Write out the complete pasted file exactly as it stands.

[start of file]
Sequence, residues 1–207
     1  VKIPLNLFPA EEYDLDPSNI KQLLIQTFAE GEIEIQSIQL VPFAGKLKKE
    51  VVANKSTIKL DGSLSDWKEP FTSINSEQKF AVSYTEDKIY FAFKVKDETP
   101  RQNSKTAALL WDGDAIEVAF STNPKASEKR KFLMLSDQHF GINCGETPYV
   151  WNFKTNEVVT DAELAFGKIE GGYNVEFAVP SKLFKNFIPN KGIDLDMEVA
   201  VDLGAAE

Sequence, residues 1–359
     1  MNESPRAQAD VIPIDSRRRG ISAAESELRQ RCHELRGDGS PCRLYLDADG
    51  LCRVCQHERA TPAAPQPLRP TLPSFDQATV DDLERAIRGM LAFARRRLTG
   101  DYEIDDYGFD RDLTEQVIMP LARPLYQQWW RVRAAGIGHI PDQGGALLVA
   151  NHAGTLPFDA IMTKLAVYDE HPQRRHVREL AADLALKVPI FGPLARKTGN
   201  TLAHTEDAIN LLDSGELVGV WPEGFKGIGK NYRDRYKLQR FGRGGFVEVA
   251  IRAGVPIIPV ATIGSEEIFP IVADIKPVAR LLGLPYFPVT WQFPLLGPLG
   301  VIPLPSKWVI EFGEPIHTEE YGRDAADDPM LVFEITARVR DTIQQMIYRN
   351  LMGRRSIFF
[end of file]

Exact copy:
Sequence, residues 1–207
     1  VKIPLNLFPA EEYDLDPSNI KQLLIQTFAE GEIEIQSIQL VPFAGKLKKE
    51  VVANKSTIKL DGSLSDWKEP FTSINSEQKF AVSYTEDKIY FAFKVKDETP
   101  RQNSKTAALL WDGDAIEVAF STNPKASEKR KFLMLSDQHF GINCGETPYV
   151  WNFKTNEVVT DAELAFGKIE GGYNVEFAVP SKLFKNFIPN KGIDLDMEVA
   201  VDLGAAE

Sequence, residues 1–359
     1  MNESPRAQAD VIPIDSRRRG ISAAESELRQ RCHELRGDGS PCRLYLDADG
    51  LCRVCQHERA TPAAPQPLRP TLPSFDQATV DDLERAIRGM LAFARRRLTG
   101  DYEIDDYGFD RDLTEQVIMP LARPLYQQWW RVRAAGIGHI PDQGGALLVA
   151  NHAGTLPFDA IMTKLAVYDE HPQRRHVREL AADLALKVPI FGPLARKTGN
   201  TLAHTEDAIN LLDSGELVGV WPEGFKGIGK NYRDRYKLQR FGRGGFVEVA
   251  IRAGVPIIPV ATIGSEEIFP IVADIKPVAR LLGLPYFPVT WQFPLLGPLG
   301  VIPLPSKWVI EFGEPIHTEE YGRDAADDPM LVFEITARVR DTIQQMIYRN
   351  LMGRRSIFF